2 March 2023
Green exciton emission from nanowire micro-LEDs
University of Michigan in the USA reports high-efficiency green emission from micron-scale light-emitting diodes (LEDs) using bottom-up growth of nanowires, allowing strain and quantum engineering [Ayush Pandey et al, Nano Letters, published online 2 February 2023].
The researchers claim record peak external quantum efficiency (EQE) and wall-plug efficiency (WPE), compared with devices with a similar active region area. Such devices are being developed for next-generation displays, virtual/augmented reality, and ultrahigh-speed optical interconnects.
The Michigan researchers believe that the higher efficiencies are due to excitonic, rather than free electron-hole, recombination.
The team explains: “In an excitonic LED, electroluminescence emission originates from a bound state of an electron and hole, instead of recombination from free charge carriers. Due to the strong Coulombic interaction between electrons and holes, the negative impact of Shockley–Read–Hall recombination on the performance of an excitonic LED is significantly reduced.”
In conventional indium gallium nitride (InGaN) LEDs excitonic recombination is hindered by the presence of strong electric fields arising from strain-dependent and spontaneous charge-polarization contrasts of InGaN and GaN. The electric fields tend to tear apart electron–hole excitons, and further even reduce the ability of free holes and electrons to recombine into photons. These behaviors are referred to as the quantum-confined Stark effect (QCSE).
Further optimization may be possible in terms of the strain state, composition and thickness of the InGaN active region in the nanowires along with the dimensions of the nanowires themselves. The team suggests that “micro-LEDs with emission across the entire visible spectrum could be grown, with efficiencies approaching to, or better than, commercial broad-area LEDs.”
To grow the nanowires, the Michigan researchers first patterned a titanium mask on an N-polar GaN-on-sapphire template using electron-beam lithography. The titanium was opened to expose the underlying GaN by reactive-ion etching. Before nanowire growth, the mask surface was nitrided with nitrogen plasma exposure.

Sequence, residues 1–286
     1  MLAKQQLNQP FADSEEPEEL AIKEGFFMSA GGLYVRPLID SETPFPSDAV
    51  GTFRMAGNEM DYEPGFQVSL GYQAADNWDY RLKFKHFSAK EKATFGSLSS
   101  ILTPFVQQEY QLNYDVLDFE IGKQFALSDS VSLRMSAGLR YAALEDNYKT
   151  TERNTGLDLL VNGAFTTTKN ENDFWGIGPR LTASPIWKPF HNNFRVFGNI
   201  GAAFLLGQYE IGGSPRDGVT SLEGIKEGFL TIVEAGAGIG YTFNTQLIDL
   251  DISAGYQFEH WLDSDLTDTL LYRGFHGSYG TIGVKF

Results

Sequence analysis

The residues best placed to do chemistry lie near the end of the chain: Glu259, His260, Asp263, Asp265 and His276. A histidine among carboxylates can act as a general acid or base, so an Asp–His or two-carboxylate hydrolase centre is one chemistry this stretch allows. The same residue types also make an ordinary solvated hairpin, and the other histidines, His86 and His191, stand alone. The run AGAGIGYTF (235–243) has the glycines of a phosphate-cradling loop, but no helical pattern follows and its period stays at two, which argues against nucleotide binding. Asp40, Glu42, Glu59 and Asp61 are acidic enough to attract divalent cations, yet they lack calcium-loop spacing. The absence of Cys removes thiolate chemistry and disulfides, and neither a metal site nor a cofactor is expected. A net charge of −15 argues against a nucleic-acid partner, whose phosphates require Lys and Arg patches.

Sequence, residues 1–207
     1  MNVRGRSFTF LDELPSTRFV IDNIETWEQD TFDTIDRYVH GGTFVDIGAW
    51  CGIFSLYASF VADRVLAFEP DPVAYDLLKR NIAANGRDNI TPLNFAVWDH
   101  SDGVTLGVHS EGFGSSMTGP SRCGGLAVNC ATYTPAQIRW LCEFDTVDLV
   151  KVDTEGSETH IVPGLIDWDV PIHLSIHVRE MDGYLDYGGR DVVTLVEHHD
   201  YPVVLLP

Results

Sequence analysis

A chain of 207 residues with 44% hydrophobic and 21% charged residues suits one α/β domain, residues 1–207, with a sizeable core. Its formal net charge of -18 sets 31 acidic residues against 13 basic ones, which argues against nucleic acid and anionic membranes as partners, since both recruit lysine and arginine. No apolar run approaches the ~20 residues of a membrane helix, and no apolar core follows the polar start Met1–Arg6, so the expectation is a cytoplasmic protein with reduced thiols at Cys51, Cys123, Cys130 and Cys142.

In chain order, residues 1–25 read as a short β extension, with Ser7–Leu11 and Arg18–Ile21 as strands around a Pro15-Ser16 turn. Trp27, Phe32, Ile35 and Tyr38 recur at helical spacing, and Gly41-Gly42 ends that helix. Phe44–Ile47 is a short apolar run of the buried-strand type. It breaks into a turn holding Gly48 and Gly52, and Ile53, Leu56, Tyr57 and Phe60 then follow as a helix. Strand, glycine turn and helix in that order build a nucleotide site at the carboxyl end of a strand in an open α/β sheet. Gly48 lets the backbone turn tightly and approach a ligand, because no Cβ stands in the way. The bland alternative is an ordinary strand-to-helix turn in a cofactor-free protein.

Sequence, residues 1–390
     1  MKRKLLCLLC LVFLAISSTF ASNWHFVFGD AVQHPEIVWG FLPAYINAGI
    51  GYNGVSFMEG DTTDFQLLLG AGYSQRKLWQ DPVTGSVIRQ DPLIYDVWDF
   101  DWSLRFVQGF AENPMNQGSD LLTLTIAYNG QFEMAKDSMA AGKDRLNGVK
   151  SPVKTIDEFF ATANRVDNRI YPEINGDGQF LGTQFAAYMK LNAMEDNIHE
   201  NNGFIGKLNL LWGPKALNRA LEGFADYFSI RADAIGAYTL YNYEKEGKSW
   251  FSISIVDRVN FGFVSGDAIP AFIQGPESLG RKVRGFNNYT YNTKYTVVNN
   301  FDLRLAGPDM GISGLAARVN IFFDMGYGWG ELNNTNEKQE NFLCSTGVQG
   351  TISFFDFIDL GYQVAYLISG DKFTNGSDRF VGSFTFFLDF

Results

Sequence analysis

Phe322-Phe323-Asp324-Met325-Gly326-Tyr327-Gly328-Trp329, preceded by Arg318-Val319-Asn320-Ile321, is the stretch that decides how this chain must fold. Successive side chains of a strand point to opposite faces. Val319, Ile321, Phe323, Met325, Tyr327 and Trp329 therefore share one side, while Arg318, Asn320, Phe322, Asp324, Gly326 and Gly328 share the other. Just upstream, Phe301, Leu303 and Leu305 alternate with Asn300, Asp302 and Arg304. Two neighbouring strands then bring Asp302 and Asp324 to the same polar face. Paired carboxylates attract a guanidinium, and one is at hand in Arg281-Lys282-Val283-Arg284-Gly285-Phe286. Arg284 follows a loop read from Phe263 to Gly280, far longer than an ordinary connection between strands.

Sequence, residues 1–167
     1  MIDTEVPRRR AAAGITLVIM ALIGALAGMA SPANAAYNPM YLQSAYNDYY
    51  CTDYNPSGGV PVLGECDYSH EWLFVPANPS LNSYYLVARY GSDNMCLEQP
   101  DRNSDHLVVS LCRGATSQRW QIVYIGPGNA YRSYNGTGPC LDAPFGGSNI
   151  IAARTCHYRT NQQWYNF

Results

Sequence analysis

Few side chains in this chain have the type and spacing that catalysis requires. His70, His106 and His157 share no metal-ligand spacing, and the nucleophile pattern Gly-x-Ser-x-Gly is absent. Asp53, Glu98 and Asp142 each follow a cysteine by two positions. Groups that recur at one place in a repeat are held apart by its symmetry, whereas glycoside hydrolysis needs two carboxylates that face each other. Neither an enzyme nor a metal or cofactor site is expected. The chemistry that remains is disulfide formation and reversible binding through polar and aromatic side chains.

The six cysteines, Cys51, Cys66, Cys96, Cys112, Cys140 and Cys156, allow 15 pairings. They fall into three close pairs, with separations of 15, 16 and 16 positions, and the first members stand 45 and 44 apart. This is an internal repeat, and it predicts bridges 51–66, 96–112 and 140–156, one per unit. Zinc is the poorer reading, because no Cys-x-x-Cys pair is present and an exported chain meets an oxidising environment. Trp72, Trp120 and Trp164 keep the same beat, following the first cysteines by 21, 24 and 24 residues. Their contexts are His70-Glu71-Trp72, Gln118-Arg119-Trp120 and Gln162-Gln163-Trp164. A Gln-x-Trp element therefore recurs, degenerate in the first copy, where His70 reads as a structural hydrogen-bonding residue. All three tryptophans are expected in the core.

Comprising n-GaN, active region, and p-GaN (Figure 1), the nanowires were grown via molecular beam epitaxy (MBE). The active region was grown at lower temperature than the two contact layers. Also, the researchers targeted green emission from the InGaN layers of the active region with an In/Ga flux ratio of 0.6. The active region consisted of 6 pairs of InGaN/GaN multiple quantum disks (MQDs).
Figure 1: (a) Schematic of N-polar InGaN/GaN nanowire excitonic LED heterostructure. (b) Representative scanning electron microscope (SEM) image of nanowire array. (c) Photoluminescence (PL) spectrum of nanowire array.
The growth resulted in hexagonal vertical nanowires with flat tops, which are desired for the fabrication of high-efficiency devices. Ga-polar nanowire growth tends to result in tapered structures. Also, the growth of nanowires from the bottom up avoids the sidewall damage of top-down methods where the nanowires are formed from etching standard materials.
The photoluminescence from the material peaked in the green region of the spectrum. The peak was quite broad with some shoulders, which the researchers attribute to “Fabry–Perot modes formed with the substrate”.
The team comments: “The luminescence spectrum is relatively broad, due to variations in indium composition of the quantum disks”.